Health Minister Adrian Dix has announced the province will fund 85 new full-time paramedic positions, 30 new full-time dispatchers and 22 extra ambulances in response to a spike in calls to 9-1-1.
The announcement on Wednesday (July 14) comes in the wake of reports during the recent record heat wave, notably in the Lower Mainland, of hours-long waits for ambulances.
B.C. Emergency Health Service is also converting 22 rural ambulance stations to round-the-clock operation, with plans for an additional 16 stations, six of which are expected to be open by October.
In addition, Health Minister Adrian Dix is reconstituting the BC Emergency Health Services board of directors to focus solely on ambulance services. It will be directly accountable to the minister of health with a clear mandate to ensure better service for patients and families who rely on the services and better supports for workers who deliver the service.
Dix has appointed former Vancouver Police chief Jim Chu to chair the board.
Darren Entwistle, president and CEO of Telus, will serve as a special adviser to the board.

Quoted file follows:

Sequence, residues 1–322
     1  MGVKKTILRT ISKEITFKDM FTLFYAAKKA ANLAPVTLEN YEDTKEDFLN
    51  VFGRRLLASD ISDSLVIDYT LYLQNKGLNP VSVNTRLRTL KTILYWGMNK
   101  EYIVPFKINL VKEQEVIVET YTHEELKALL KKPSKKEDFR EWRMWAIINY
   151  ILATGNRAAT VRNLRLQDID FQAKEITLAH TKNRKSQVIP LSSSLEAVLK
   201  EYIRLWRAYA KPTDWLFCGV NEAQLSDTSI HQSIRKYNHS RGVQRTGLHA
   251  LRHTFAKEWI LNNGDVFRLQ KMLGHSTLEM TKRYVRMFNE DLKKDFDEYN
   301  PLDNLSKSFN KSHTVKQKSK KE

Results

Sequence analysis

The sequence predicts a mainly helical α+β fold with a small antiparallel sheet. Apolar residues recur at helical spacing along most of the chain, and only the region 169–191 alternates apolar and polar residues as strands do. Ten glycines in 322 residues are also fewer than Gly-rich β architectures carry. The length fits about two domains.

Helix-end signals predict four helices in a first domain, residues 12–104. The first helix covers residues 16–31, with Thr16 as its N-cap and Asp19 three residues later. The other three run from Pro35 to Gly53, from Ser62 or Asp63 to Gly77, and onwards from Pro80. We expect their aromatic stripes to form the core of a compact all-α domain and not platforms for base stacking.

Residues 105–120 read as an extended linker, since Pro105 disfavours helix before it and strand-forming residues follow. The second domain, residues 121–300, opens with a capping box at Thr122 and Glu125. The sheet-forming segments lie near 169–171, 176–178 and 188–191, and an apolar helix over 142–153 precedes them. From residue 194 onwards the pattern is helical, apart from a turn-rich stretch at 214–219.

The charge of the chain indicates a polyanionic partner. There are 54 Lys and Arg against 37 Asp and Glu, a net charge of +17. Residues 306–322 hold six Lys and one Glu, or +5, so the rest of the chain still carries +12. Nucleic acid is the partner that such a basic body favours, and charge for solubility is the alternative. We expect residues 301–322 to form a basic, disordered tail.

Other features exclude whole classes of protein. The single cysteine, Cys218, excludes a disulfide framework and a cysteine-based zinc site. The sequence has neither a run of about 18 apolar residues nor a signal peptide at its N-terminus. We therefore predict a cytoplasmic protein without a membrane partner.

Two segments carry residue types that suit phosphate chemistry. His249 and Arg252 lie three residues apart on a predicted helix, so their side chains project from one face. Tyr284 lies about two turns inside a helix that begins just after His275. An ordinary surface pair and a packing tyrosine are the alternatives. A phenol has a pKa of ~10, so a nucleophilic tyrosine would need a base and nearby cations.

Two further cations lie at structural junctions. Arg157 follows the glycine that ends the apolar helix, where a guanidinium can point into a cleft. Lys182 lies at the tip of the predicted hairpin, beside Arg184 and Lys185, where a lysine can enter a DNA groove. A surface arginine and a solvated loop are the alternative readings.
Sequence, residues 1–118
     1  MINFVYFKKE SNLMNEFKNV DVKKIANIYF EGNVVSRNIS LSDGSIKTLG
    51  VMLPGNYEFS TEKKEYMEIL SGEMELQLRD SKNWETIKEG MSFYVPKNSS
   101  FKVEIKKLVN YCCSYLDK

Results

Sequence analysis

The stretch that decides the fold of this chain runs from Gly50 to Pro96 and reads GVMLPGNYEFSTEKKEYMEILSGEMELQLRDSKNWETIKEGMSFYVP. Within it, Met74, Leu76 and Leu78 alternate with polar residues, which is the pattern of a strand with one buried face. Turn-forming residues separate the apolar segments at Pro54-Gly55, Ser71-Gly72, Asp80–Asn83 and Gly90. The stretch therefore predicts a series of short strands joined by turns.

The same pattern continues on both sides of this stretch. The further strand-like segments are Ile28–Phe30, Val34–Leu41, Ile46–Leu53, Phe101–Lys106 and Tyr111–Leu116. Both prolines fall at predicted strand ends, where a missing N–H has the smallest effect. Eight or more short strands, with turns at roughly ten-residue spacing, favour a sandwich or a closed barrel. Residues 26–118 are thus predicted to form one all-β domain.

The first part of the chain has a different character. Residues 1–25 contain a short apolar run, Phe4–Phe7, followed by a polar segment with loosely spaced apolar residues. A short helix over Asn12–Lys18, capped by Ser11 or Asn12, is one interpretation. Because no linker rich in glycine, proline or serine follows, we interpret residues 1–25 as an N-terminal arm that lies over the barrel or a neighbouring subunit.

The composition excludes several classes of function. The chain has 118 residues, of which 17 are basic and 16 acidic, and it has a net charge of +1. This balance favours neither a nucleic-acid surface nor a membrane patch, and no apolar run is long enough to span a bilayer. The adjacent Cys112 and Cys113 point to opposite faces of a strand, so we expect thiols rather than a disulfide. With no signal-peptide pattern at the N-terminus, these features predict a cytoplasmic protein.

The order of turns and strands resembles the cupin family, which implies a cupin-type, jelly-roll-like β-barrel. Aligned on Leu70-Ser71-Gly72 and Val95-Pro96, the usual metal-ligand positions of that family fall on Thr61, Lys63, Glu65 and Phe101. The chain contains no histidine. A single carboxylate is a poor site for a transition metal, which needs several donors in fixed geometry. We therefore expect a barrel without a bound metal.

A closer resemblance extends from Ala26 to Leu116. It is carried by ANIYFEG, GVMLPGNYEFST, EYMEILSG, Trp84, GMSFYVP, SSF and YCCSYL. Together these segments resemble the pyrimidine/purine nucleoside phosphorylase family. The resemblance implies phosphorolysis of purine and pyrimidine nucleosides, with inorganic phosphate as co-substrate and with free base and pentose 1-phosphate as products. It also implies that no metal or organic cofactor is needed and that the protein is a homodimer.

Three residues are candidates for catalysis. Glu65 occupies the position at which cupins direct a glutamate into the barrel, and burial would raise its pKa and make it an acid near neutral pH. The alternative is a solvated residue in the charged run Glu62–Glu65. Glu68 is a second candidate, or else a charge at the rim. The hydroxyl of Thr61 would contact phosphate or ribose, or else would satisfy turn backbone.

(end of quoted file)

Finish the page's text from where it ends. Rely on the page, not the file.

As well, Dix has directed that BC Emergency Health Services now be led by a chief ambulance officer responsible for the day-to-day management of the BC Ambulance Service.
Dix has appointed Leanne Heppell to serve as B.C.'s new chief ambulance officer on an interim basis. She is a trained clinical nurse specialist, currently serving as chief operating officer for acute care and chief of professional practice and nursing at Providence Health Care. Heppell has 20 years of experience in senior leadership at Vancouver Coastal Health, Fraser Health and the BC Ambulance Service.
To get paramedics and ambulances back on the road to respond to patient calls more quickly, the province is directing health authorities like Interior Health to add additional staff to receive patients and care for them when they arrive at hospital emergency departments.
BC Emergency Health Services will also contract a team of mental-health and wellness professionals to work directly with dispatch staff and paramedics to address chronic stress, fatigue and support wellness among staff, including access to trauma-informed therapy.
As part of the changes, the province will return to the pre-COVID-19 first-responder dispatching practices for 911, with the Emergency Medical Assistants Management Licensing Board to examine expanding firefighters' scope of practice. The deadline for recommendations is Sept. 6.